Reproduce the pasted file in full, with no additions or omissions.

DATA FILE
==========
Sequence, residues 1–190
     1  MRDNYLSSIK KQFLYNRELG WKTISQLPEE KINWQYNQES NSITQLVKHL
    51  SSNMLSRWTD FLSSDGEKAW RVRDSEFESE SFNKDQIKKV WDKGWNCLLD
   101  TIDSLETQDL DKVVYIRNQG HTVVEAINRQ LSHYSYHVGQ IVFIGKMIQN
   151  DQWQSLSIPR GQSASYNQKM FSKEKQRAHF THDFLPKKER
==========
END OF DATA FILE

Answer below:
Sequence, residues 1–190
     1  MRDNYLSSIK KQFLYNRELG WKTISQLPEE KINWQYNQES NSITQLVKHL
    51  SSNMLSRWTD FLSSDGEKAW RVRDSEFESE SFNKDQIKKV WDKGWNCLLD
   101  TIDSLETQDL DKVVYIRNQG HTVVEAINRQ LSHYSYHVGQ IVFIGKMIQN
   151  DQWQSLSIPR GQSASYNQKM FSKEKQRAHF THDFLPKKER